Pickling of scale formed on hot rolled strip of carbon steel

Pickling of scale formed on hot rolled strip of carbon steel

During the hot rolling or heat treatment of steel, oxygen from the atmosphere reacts with the surface iron to form a crust that is made up of oxides of iron. This crust is known as scale and need to be removed before steel is further processed in cold rolling mill. Non removal of scale will have the following detrimental effects.

  • Scale not only give bad appearance to the product but also accelerate corrosion
  • During cold rolling of the strip scale patches affects the reduction with the possibility of the skidding of rolls. Effective scale removal is essential for the success of not only for cold rolling but also of subsequent annealing and coating operations.
  • During cold rolling and annealing the scale will produce a dirty surface and cause the rusting of the strip
  • During coating of the strip, presence of scale causes poor to total adhesion failure.

Fig 1 shows hot rolled strip surface as well as pickled surface.

  Hot rolled and pickled surface

Fig 1 hot rolled surface and pickled surface

Scale and its origin

The normal scale found on hot rolled strip is blue/grey in colour and covers the entire strip surface. This scale is generated during rolling in the last stands of the finishing mill, across the run out table (ROT) and during cooling of the coil. It is composed of three well defined layers of iron oxides. Adjacent to the steel is the thickest layer consisting of wustite having an approximate composition of FeO. The intermediate layer consists of magnetite (Fe3O4) while the outermost layer is hematite (Fe2O3). The thickness of these layers will depend on the temperature of the strip at the exit of the finishing mill, temperature of the coiling and the availability of oxygen at the strip surface. The layer at the surface of the strip is richest in oxygen and constitutes 0.5 % to 2 % of scale thicness. The layer at the metal surface is richest in iron and constitutes about 85 % of the scale thickness. The intermediate layer of scale constitutes around 12 % to 14.5 % of scale thickness. Beside the normal blue/grey scale on the hot rolled strip there are three other forms of rolled in scale as given below. Pickling process does not remove rolled in scale.

Scale removal

Various methods used for scale removal include abrasive blasting, brushing, mechanical descaling and pickling etc. The preferred method of scale removal for hot rolled strip is by pickling. The pickling process of hot rolled strip is a part of finishing process by which scale is removed from the surface of steel by dissolution in an acid before hot strip is cold rolled. It is a chemical process and is either done in a solution of sulphuric acid (H2SO4) or hydrochloric acid (HCl). The chemical reactions in case of sulphuric acid pickling is as follows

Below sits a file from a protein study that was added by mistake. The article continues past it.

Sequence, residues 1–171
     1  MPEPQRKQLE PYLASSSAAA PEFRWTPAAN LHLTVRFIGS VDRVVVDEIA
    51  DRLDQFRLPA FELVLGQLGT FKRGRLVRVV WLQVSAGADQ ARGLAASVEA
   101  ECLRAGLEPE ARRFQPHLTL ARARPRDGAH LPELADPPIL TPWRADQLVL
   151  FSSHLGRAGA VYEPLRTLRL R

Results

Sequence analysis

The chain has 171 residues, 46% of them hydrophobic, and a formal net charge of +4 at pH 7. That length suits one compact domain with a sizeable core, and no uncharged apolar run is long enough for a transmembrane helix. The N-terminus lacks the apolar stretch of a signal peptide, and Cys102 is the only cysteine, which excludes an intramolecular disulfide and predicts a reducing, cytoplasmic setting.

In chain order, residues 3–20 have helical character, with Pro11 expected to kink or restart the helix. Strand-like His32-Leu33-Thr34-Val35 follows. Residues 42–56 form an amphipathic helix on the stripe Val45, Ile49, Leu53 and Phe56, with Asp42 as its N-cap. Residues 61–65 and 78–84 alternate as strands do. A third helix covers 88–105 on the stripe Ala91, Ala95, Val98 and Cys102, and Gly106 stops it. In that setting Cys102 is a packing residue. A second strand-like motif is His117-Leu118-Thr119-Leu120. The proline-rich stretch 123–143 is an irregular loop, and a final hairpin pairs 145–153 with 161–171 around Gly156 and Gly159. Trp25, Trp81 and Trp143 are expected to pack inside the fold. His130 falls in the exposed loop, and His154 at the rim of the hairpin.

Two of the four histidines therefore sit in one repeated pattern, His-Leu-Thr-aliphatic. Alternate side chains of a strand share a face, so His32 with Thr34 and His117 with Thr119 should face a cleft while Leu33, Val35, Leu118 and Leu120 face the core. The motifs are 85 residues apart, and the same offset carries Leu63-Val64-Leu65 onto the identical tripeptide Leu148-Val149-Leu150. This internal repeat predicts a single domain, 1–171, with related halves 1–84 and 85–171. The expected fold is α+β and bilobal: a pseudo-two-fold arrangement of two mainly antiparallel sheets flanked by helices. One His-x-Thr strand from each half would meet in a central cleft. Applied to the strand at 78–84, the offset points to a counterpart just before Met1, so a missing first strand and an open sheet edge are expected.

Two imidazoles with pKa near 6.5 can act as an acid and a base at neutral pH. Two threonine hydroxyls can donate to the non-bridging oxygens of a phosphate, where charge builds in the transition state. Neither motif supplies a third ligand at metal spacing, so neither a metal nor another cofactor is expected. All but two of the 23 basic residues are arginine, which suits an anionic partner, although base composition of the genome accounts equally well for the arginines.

FeO + H2SO4 = FeSO4 + H2O

Fe + H2SO4 = FeSO4 + H2

The mechanism of pickling by sulphuric acid is explained in the following lines. Acid finds its way to the steel surface through the cracks in the mill scale and dissolves the surface iron. The process forms hydrogen bubbles. This hydrogen looses the scale. The dissolving of scale in the acid is a slow process and hence it falls down in the bath and slowly gets dissolved. Both the reactions of pickling are exothermic reactions but does not compensate for the heat loss associated with the heating of the cold strip and heat losses to the surrounding atmosphere and hence bath heating is needed. The heating is done by steam. Since the pickling is carried through attack of acid on steel the chances of over pickling is high in the process. The product of pickling is ferrous sulphate which is green in colour and produced during regeneration of sulphuric acid. H2SO4 acid pickling is dependent on concentration and temperature of the acid. The pickling rate goes up proportionately as the concentration of the acid is increased from 0 % to 25 %. Above 25 % the increase in the pickling rate is slow. The effect of temperature on the pickling rate is that the pickling rate is doubled for each rise of 6-8 deg C between temperatures of 25 Deg C and 95 deg C.

HCl acid pickling is a chemical process which uses an HCl acid solution to dissolve the scale from the surface of the hot rolled strip without any significant attack on the steel strip. In the case of pickling by hydrochloric acid the following chemical reaction takes place

Fe2O3 + Fe + 6 HCl = 3 FeCl2 + 3 H2O

Fe3O4 + Fe + 8 HCl = 4 FeCl2 + 4H2O

FeO + 2 HCl = FeCl2 + H2O

Fe + 2 HCl = FeCl2 + H2O